Before starting this project, at times I really felt insecure, or was afraid to become too grandiose about the synthesis of two seemingly disparate matters intended here.

But then it occurred to me that at least within one person this very synthesis already existed – in me. If it’s possible for me to understand, it should be possible for others, too.

What I still found missing was a distinct sign on the material plane – a symbol. I tried to paint one (though it’s completely amateurish), simply coloring patterns from a book about Mandalas. So may I introduce to you –

The Psychedelic Mandala! (or a strange wheel of fortune)

Musically, I also dare to post a more edgy improvisation here (which is quite natural to me and fits the concept – but it’s not meditative!). I gave it the German name “krass”, meaning extreme or harsh or stark. There are a few passages where the vehicle seems to veer off the road, but soon gets back on track again.

Although these may be considered flaws, and although there’s a crackling noise whose origin is a mystery to me, I personally like this “krass”. But I had to overcome my tendency to put it aside and spare you…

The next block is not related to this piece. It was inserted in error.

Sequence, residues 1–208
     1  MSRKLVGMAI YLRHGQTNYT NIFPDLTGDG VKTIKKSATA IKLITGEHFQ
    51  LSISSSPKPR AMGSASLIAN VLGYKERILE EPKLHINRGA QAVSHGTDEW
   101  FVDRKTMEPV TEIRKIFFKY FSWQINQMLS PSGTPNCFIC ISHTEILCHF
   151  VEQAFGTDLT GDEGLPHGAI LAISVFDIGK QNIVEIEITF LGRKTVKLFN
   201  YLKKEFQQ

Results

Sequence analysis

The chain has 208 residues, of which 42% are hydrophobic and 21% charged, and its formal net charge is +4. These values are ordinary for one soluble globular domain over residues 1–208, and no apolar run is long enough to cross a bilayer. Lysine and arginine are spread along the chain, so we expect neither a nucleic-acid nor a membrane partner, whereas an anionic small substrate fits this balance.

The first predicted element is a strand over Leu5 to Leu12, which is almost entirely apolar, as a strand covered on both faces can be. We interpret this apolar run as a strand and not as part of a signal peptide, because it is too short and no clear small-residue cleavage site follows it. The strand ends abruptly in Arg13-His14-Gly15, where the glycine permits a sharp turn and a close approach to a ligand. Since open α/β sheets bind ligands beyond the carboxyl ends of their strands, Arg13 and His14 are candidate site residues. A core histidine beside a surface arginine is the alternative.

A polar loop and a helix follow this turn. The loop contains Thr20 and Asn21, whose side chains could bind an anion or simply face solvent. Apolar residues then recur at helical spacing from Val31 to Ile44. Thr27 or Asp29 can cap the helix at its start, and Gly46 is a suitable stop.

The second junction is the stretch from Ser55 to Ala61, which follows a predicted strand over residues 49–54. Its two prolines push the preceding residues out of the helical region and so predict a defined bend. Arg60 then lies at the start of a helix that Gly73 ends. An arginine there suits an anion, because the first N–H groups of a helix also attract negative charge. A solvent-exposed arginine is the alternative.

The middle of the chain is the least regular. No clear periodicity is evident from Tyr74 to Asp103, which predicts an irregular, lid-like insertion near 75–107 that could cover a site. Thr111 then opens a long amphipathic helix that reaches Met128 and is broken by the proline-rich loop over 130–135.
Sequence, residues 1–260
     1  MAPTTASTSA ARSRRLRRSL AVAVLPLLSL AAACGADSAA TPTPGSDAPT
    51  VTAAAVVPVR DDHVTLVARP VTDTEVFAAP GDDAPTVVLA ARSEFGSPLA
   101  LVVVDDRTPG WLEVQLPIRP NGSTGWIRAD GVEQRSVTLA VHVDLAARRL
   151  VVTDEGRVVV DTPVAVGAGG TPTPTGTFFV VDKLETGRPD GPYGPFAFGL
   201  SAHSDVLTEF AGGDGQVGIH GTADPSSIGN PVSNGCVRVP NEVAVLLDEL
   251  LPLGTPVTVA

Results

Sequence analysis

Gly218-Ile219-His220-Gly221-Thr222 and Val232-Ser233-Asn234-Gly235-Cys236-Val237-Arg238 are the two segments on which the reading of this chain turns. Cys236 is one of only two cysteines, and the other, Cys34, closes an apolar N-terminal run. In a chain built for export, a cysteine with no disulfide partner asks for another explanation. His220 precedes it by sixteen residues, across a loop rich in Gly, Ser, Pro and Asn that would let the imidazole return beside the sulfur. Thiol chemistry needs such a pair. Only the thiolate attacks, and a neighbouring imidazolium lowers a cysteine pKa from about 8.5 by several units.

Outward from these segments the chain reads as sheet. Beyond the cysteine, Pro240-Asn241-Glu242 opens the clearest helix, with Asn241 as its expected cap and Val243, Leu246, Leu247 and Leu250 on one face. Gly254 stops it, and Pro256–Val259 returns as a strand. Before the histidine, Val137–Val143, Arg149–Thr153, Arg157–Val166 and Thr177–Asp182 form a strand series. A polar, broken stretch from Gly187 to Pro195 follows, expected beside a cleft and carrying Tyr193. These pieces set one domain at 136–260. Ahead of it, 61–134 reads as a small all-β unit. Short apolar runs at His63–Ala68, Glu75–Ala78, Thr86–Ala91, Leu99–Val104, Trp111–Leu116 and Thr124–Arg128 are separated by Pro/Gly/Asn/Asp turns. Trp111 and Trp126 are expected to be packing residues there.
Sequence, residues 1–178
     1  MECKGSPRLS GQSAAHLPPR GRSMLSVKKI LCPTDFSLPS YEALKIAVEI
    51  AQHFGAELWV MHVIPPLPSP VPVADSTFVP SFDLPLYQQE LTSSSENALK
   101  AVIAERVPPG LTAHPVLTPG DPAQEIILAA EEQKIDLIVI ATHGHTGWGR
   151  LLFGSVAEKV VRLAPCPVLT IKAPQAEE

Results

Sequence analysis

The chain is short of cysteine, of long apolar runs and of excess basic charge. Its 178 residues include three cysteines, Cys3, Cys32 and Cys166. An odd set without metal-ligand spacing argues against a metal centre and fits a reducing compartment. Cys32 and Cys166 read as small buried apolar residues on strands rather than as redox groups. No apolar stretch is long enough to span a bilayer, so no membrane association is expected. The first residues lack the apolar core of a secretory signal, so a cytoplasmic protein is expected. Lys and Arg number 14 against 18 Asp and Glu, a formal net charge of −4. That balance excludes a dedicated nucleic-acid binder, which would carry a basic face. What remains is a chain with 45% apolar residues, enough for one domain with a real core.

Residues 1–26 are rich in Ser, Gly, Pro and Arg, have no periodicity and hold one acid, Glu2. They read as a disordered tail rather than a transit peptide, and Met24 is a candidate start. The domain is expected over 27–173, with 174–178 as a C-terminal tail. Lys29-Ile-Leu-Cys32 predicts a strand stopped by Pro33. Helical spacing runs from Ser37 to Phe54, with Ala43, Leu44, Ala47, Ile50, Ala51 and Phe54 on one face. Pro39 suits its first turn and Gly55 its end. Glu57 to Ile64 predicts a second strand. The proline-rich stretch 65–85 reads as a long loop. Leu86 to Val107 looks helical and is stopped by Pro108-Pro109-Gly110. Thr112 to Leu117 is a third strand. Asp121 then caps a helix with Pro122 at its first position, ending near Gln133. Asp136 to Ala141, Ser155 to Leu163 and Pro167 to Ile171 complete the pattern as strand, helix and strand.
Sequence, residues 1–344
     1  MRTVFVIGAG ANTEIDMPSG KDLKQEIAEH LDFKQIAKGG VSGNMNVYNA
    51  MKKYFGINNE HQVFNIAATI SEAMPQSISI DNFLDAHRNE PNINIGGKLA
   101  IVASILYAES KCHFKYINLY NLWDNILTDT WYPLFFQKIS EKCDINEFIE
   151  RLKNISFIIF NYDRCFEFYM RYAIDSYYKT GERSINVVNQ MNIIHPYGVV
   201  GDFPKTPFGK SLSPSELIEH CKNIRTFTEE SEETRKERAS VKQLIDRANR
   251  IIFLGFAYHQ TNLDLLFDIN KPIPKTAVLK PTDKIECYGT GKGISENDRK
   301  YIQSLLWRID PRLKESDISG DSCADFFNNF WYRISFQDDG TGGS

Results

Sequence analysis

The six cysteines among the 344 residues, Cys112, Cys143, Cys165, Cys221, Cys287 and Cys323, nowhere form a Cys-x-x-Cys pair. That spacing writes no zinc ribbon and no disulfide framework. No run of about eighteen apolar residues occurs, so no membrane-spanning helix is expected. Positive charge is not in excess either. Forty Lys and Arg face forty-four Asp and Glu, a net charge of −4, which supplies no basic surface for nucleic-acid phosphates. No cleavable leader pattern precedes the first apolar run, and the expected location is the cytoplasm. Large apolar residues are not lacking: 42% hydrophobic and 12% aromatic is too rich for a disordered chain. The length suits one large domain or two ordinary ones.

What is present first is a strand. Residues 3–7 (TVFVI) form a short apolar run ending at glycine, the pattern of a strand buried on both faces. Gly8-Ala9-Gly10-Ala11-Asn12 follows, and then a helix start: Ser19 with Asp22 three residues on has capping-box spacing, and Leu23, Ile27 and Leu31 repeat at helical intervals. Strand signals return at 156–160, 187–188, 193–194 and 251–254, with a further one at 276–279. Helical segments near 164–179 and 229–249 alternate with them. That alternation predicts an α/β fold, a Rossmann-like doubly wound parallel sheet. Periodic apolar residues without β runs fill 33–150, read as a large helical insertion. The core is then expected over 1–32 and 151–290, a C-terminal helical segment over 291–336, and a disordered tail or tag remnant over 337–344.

Well, some might enjoy it anyway.

Guitar & gear: Gibson Les Paul Special, Vox AC 50, BSM Treble booster, Crackling Demon

bass solo


A bass solo is what you usually realize has happened when it’s over, and the rest of the band joins in again. To be witnessed in Jazz caverns, or, on record, back in the hippie days: even the drummer and the bass player were allowed to solo, sometimes during the same song (overly democratic as these times used to be).

Most of the time a bass solo is so low (in both senses), many people only perceive the lowering of the overall volume…

But this little piece of music here is different, since there are no other instruments. So if you notice there’s music, you notice the bass solo.

bass & gear: Gibson EB3 bass, SWR SM 400 amplifier

Of course I wore my long hair wig when playing this!



While I fall in love with all of nature blossoming out in springtime, I know all too well about its vulnerability and delight gets slightly blurred with concern.

guitar & gear: tacoma acoustic

water lily


guitar & gear: Gibson Les Paul Special, Gerd Schulte Phaser, Vox ToneLab SE

drugs and psychedelic music

In public opinion, psychedelic music or what is called “psychedelia” (totality of art forms related to psychedelic experience including light shows), is strongly associated with the use of illegal drugs.

Concerning art as a universal expression of all human aspects, this is too narrow a view.

Psychedelia are always just an imitation of certain states of mind. These may well be experienced without the use of drugs. Although, historically, there has been a vivid connection during the Sixties, when musicians started to take LSD or the like in order to expand their consciousnesses – whatever this might have included.

I myself have been completely clean and sober (how boring!) when starting this project and will stay so; although I do not lack experience. But as for the music, that’s not the point.